An updated version of the Bitcoin CoinSwap protocol design has spurred a lot of discussion online and in the latest crypto news, after one UK-based developer released a design document for the routed multi-transaction implementation. It was the UK developer Chris Belcher who released the document, developing his work on improving the Bitcoin (BTC) transaction privacy and fungibility.
The post comprises a detailed design of the first protocol version and has spurred a lot of discussions. Some voices from the cryptoverse are even inquiring on the protocol’s safety in using cryptography and ensuring the transactions would be safe for both parties.
According to Belcher, the Bitcoin CoinSwap protocol design “makes use of the building blocks of multi-transaction CoinSwaps, routed CoinSwaps, liquidity market, private key handover, and fidelity bonds. It does not include PayJoin-with-CoinSwap, but that’s in the plan to be added later,”
Furthermore, the proposal builds on the design that the developer had from last May, when he explained how CoinSwap’s implementation could ensure undetectable privacy to cryptocurrency transactions.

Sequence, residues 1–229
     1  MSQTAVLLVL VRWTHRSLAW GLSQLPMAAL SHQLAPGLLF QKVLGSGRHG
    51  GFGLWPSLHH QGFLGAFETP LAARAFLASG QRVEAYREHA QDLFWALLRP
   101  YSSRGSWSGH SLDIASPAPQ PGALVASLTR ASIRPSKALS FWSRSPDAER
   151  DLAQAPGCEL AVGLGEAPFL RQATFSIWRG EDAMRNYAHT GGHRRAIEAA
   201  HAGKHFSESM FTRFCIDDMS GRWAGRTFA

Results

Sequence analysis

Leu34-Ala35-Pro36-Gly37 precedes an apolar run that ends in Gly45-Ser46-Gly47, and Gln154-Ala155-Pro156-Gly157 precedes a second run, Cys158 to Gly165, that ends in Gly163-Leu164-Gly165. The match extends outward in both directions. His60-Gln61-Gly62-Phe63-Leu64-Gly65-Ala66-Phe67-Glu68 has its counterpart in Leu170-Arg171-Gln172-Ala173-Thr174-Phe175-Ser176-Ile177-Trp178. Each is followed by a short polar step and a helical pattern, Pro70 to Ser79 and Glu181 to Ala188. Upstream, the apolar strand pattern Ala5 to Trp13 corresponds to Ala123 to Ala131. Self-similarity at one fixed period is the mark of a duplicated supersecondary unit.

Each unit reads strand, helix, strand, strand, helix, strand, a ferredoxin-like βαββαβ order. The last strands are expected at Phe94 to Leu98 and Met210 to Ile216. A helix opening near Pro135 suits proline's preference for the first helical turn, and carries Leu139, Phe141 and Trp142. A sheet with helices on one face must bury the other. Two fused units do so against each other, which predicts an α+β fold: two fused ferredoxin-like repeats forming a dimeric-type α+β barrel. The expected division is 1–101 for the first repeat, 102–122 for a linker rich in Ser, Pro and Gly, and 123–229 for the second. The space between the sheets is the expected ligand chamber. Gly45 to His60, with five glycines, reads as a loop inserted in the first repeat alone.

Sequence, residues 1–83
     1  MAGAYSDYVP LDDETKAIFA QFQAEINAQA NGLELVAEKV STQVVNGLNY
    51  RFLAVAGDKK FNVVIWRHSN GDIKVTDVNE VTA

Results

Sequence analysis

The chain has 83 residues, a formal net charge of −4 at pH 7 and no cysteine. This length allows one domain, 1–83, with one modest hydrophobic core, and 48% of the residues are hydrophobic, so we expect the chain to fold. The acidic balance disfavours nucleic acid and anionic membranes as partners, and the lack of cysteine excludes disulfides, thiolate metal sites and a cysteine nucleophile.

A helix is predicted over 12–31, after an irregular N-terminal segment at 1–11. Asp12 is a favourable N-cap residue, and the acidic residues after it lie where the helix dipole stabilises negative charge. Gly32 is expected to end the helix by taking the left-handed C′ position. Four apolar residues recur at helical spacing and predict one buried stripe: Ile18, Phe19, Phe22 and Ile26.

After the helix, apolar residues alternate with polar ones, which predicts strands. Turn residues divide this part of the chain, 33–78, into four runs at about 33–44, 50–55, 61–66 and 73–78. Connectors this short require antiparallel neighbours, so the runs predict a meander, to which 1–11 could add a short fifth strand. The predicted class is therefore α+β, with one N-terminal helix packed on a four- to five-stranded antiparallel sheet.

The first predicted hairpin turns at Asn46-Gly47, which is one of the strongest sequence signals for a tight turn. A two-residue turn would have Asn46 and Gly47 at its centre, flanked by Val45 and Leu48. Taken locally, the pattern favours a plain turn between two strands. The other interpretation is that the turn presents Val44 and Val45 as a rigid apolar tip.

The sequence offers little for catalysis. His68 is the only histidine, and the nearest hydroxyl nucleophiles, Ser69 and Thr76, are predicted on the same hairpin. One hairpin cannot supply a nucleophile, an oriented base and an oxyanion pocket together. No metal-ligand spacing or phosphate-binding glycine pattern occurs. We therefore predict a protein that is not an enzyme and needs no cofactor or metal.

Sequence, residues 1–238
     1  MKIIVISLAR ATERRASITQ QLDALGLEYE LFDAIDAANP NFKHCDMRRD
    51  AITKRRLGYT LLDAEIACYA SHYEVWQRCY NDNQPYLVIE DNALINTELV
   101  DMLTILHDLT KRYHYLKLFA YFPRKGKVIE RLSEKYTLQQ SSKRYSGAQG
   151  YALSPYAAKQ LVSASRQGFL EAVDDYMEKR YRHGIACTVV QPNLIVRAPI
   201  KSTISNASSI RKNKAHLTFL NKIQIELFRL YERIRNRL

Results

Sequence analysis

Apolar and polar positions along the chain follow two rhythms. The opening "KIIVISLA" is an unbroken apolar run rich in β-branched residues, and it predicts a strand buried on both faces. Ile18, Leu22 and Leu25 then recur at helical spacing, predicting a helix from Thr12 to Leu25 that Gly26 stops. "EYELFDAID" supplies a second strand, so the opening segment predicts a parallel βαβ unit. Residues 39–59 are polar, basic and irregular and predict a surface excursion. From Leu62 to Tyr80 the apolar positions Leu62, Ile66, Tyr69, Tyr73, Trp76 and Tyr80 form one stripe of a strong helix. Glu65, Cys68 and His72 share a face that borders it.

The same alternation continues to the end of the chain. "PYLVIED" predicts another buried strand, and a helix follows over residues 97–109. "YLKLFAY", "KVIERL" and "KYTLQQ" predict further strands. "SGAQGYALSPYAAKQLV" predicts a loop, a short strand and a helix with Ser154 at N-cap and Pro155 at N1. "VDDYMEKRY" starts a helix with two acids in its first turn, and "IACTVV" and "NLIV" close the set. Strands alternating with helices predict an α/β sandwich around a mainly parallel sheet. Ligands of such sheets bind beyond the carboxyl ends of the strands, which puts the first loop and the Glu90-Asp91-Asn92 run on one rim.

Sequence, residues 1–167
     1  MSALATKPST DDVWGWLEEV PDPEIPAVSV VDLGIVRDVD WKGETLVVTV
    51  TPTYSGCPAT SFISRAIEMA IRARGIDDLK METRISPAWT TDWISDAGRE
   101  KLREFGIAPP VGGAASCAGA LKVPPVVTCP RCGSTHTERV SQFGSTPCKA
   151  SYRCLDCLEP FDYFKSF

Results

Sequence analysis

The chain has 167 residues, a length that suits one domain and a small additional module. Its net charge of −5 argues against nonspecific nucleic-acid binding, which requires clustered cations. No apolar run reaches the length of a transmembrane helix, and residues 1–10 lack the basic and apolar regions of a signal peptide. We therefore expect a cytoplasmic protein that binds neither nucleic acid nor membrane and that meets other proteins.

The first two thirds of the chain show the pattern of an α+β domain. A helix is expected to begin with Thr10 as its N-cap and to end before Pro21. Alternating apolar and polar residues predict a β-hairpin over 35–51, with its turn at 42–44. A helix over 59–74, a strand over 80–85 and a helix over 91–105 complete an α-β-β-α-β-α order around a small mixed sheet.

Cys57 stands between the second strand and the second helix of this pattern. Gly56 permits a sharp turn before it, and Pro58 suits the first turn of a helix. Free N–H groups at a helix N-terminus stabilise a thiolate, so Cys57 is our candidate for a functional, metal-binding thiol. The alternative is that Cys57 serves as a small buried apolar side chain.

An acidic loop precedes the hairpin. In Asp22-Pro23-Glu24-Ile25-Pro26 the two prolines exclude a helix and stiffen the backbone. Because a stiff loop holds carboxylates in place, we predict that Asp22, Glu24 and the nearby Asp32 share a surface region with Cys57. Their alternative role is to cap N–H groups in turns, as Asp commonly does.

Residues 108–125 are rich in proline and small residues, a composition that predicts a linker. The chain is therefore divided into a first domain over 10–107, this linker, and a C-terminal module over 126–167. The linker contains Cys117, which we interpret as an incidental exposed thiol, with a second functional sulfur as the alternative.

For those of you not following the Bitcoin news now, CoinSwap is actually not a new thing. The Bitcoin CoinSwap protocol design was originally created seven years ago by Greg Maxwell, the co-founder of Blockstream and creator of CoinJoin. With Belcher’s implementation, it came back into public’s attention and basically allows two or several parties to swap coins, ensuring improved privacy and fungibility.
The August design of this protocol triggered a lot of reactions on GitHub. While most of the users recognized the innovativeness of Belcher’s code, others asked a number of highly technical and detailed questions about the protocol and its functionalities.
“In CoinJoin, since all participants sign a single transaction, every participant knows the total number of participants. Thus, in CoinJoin, it is fairly useless to have just one taker and one maker, the maker knows exactly which output belongs to the taker. Even if all communications were done via the single paying taker, the maker(s) are shown the final transaction and thus can easily know how many participants there are (by counting the number of equal-valued outputs),” wrote user ZmnSCPxj
All in all, the Bitcoin CoinSwap protocol design is a great advancement and despite all comments and controversy, in June 2019 Belcher was the recipient of the first gift from the newly launched Bitcoin Development Fund.
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